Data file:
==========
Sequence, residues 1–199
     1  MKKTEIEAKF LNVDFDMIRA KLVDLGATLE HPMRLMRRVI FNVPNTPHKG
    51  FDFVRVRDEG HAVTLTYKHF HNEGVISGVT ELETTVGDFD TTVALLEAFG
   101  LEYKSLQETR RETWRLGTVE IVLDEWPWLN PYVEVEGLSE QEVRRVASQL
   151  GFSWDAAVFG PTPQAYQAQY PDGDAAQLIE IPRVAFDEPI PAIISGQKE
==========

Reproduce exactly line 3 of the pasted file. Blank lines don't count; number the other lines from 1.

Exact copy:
    51  FDFVRVRDEG HAVTLTYKHF HNEGVISGVT ELETTVGDFD TTVALLEAFG